UPDATE 3/2/08 - I just added cycle-based modulation to my ear training tool. Cycle-based modulation will play the existing exercise over and over again, changing keys through the cycle of 4th's or 5th's. I recommend that you try this with random melodies, jazz licks, and simple song exercises (all under the Melodies tab). By playing the same exercise through a circle of 4th's/5th's, you're challenging yourself to play something by ear, but you're also giving your ears a chance to become familiar with the new melody, thus making the exercise a little easier. You'll find the new cycle-based modulation option on the Advanced tab of the ear training tool.

UPDATE 1/27/08 - I've been meaning to add compound intervals to the ear training tool for a while now, but George's comment today finally made it happen. You'll now see a new "Compound" checkbox on the intervals page!

UPDATE 1/26/08 - I added a "Starting Cadence" feature to my ear training tool (online version only for the time being). Several people have asked for this feature because it gives a reference point from which other notes can be identified. It also allows you to hear intervals, melodies, etc, within a key. You'll see the "Starting Cadence" dropdown on the "Controls" panel. If you don't want to use the cadence, simply set it to None.


UPDATE 12/25/07 - I added about a dozen more simple songs to the ear training tool's random melody feature. That makes a total of 72 different simple song melodies! You can access these by selecting "Key for simple song" under the "Each box is a..." dropdown on the "melodies" tab.

UPDATE 11/4/07 - Version v2_22 introduces simple song melody exercises to my ear training tool. Right now there are about 25 different simple song melodies that will randomly play, but it's my goal to eventually have over 100! You'll find the new simple song melody option in the "Each box is a..." dropdown located on the Melodies tab. I'll update the offline version of the ear trainer once this new version has had a few solid days of testing.

UPDATE 9/8/07 - Version v2_21 of the ear training tool adds three new features. The first new feature is the ability to change the octave range of the exercises. The new octave options appear in the "Key Center" drop-down. This is particularly useful for bass players and other people wishing to expand the lower (or higher) ranges of their ear training. The second new feature is the ability to toggle between treble and bass clef in the staff. To do so, click on the little blue arrow icon located near the treble/bass clefs. When necessary, "8va" or "8vb" will display beneath the clefs. This lets you know that the notes shown on the staff are being played one or more octaves higher (8va) or lower (8vb) than the staff notation. The third new feature is the addition of Major7th jazz licks for call-and-response exercises.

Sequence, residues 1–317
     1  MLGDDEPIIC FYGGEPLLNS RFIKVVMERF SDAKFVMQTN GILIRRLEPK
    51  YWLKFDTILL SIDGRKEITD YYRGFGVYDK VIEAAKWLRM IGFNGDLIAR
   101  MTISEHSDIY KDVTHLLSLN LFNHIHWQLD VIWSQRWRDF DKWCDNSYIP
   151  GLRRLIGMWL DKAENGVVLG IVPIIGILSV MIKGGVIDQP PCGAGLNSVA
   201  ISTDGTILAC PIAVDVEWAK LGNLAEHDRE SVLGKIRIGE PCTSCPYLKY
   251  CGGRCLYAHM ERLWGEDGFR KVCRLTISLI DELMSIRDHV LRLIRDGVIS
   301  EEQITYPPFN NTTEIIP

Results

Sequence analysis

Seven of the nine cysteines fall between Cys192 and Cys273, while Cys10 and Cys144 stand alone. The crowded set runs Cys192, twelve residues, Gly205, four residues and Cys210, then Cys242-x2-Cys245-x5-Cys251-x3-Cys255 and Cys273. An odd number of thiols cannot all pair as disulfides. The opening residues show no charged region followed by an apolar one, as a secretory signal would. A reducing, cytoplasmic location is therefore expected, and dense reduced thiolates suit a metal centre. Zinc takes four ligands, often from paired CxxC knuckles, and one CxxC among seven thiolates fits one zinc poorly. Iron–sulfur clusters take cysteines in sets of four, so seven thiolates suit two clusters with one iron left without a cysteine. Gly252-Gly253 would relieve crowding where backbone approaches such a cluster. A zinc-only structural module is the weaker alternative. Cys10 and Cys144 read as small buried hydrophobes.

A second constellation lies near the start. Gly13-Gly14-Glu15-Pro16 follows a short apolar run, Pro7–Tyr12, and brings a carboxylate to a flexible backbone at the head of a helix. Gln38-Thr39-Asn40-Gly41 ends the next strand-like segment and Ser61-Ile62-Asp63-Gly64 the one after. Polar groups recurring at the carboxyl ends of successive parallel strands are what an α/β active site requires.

UPDATE 7/8/07 - Version v2_20 of the ear training tool includes Major7th jazz licks as well as a few more Dominant 7th jazz licks.

UPDATE 6/25/07 - Version v2_19 of the ear trainer contains a lot of little updates and one big update. The little updates are mostly GUI-related, so you'll probably find them on your own. The big update is the introduction of jazz licks to both random melodies and the rhythm section's call-and-response feature. Also, you can now select between a short and long call-and-respnose phrase. So far I've only got Dominant 7th jazz licks going, but I'm definitely going to add licks to Major, Minor, Half-Diminished, and Diminished chord types. This will be an ongoing process, so you can expect a lot of "jazz lick" updates in the coming months.